Limited analgesic effect of continuous intraarticular ropivacaine for 48h TKA
Doubtful effect of continuous intraarticular analgesia after total knee arthroplastyActa Orthop. 2015 Jun;86(3):373-7
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200 patients undergoing total knee arthroplasty (TKA) were randomized to receive either 7.5mg/mL of ropivacaine or 9mg/mL of saline via a continuous intraarticular infusion pump for 48 hours postoperative. The purpose of this study was to determine the effectiveness of a continuous intraarticular infusion of ropivacaine in prolonging the effect of local infiltration analgesia (LIA). With the exception of lower pain in the first postoperative day, results demonstrated no significant differences in postoperative pain, requirement of additional analgesia, or functional recovery between groups.
Was the allocation sequence adequately generated?
Was allocation adequately concealed?
Blinding Treatment Providers: Was knowledge of the allocated interventions adequately prevented?
Blinding Outcome Assessors: Was knowledge of the allocated interventions adequately prevented?
Blinding Patients: Was knowledge of the allocated interventions adequately prevented?
Was loss to follow-up (missing outcome data) infrequent?
Are reports of the study free of suggestion of selective outcome reporting?
Were outcomes objective, patient-important and assessed in a manner to limit bias (ie. duplicate assessors, Independent assessors)?
Was the sample size sufficiently large to assure a balance of prognosis and sufficiently large number of outcome events?
Was investigator expertise/experience with both treatment and control techniques likely the same (ie.were criteria for surgeon participation/expertise provided)?
Yes = 1
Uncertain = 0.5
Not Relevant = 0
No = 0
The Reporting Criteria Assessment evaluates the transparency with which authors report the methodological and trial characteristics of the trial within the publication. The assessment is divided into five categories which are presented below.
Inclusion / Exclusion
Detsky AS, Naylor CD, O'Rourke K, McGeer AJ, L'Abbé KA. J Clin Epidemiol. 1992;45:255-65
The Fragility Index is a tool that aids in the interpretation of significant findings, providing a measure of strength for a result. The Fragility Index represents the number of consecutive events that need to be added to a dichotomous outcome to make the finding no longer significant. A small number represents a weaker finding and a large number represents a stronger finding.
Why was this study needed now?
Severe pain is often experienced after total knee arthroplasty. Periarticular local infiltration analgesia (LIA) has been introduced in an attempt to improve pain relief, promote early postoperative mobilization and potentially reduce patient length of stay. However, previous studies on its use have provided inconsistent results. Continuous intraarticular analgesia (CIAA) has been suggested as an alternative to prolong the effects of LIA beyond the first 24 postoperative hours. Previous studies have been conducted to measure the efficacy of postoperative CIAA, however the results have been controversial and thus this study was conducted.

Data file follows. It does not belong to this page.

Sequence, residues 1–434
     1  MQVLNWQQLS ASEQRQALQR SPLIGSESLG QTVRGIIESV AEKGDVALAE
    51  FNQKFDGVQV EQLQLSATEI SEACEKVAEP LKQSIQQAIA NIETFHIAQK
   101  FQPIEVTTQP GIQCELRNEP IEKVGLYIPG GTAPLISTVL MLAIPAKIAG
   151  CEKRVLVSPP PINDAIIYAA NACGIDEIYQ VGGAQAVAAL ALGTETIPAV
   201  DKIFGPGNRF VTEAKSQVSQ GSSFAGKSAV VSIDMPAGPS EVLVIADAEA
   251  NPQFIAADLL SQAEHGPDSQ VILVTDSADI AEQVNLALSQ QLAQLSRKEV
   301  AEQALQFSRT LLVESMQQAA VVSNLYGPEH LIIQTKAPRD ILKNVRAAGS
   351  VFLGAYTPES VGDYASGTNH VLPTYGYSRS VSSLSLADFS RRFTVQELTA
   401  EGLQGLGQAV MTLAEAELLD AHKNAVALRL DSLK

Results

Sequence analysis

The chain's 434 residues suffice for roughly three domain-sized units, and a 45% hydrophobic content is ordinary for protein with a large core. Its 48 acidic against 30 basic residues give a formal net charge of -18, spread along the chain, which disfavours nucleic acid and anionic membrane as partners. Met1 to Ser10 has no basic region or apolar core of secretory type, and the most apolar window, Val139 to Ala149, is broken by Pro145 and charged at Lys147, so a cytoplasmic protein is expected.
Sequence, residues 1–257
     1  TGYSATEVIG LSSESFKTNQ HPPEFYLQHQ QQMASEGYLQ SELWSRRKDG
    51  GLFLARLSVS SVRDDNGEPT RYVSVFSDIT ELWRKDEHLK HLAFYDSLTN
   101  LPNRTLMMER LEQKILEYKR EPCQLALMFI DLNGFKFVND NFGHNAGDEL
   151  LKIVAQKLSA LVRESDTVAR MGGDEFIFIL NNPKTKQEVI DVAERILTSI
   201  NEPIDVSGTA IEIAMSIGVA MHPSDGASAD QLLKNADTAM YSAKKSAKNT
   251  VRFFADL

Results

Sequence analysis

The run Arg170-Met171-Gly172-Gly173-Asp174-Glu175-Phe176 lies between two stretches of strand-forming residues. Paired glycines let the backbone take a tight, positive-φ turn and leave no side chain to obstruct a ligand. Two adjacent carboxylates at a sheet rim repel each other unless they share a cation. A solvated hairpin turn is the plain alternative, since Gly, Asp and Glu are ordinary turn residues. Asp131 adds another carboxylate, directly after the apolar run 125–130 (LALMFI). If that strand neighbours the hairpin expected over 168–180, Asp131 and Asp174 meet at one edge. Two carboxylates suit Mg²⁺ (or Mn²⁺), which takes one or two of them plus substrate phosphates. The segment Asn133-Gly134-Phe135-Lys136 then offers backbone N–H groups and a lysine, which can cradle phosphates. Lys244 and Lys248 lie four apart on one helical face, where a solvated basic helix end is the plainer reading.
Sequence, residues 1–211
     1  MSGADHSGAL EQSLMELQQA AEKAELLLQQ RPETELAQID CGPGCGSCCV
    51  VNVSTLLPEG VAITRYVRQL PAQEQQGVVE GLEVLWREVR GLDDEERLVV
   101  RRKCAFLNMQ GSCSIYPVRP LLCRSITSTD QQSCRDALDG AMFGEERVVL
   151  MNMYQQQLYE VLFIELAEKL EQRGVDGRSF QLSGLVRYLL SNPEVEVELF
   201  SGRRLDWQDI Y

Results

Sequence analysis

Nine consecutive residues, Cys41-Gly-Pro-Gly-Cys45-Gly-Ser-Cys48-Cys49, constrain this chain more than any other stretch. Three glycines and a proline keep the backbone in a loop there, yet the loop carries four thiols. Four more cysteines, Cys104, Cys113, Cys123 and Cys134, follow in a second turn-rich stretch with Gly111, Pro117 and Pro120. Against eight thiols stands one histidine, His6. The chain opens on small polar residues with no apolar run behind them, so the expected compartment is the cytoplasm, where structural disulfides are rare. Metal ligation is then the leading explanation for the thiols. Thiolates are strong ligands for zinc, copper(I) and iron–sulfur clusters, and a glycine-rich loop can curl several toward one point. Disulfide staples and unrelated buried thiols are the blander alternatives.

What was the principal research question?
In patients undergoing total knee arthroplasty, how does continuous intraarticular infusion of ropivacaine compare to saline with regards to analgesia outcomes, assessed over the first 3 months postoperatively?
What were the important findings?
- VAS pain was significantly lower in the ropivacaine group compared to the control group at 12pm (33 +/- 24 vs. 40 +/- 22; p=0.02) and 8pm (36 +/- 24 vs. 43 +/- 21; p=0.03) on the first postoperative day. There were no significant differences between groups in any subsequent follow-up time point (all p>0.05).
- Significantly more postoperative wound infections were seen in the ropivacaine group compared to the control group (11 vs. 2, respectively; p=0.02)
- There was no significant difference between groups in additional analgesic consumption (p=0.06).
- The groups demonstrated similar knee range of motion at both 3 days (p=0.6) and 3 months (p=0.1) postoperatively.
- There was no significant difference between groups in the percentage of patients who were able to perform the straight leg test on the third postoperative day (ropivacaine group: 93/97; control group: 92/95; p=1.0).
What should I remember most?
In patients who underwent total knee arthroplasty, those treated with continuous intraarticular analgesia (CIAA) for 48 hours postoperatively demonstrated significantly lower pain than those treated with saline only on the first postoperative day, with differences between groups non-significant thereafter to 3 months. Additionally, no significant difference was noted in requirement of additional analgesia, or parameters of functional recovery. The group treated with CIAA demonstrated a significantly higher incidence of infection compared to the control group.
How will this affect the care of my patients?
The results of this study suggest that continuous intraarticular infusion of ropivacaine for 48 hours following total knee arthroplasty may have a limited effect on pain outcomes which may not be clinically relevant. Further study is necessary to determine the role of continuous intraarticular analgesia in pain management following total knee arthroplasty.
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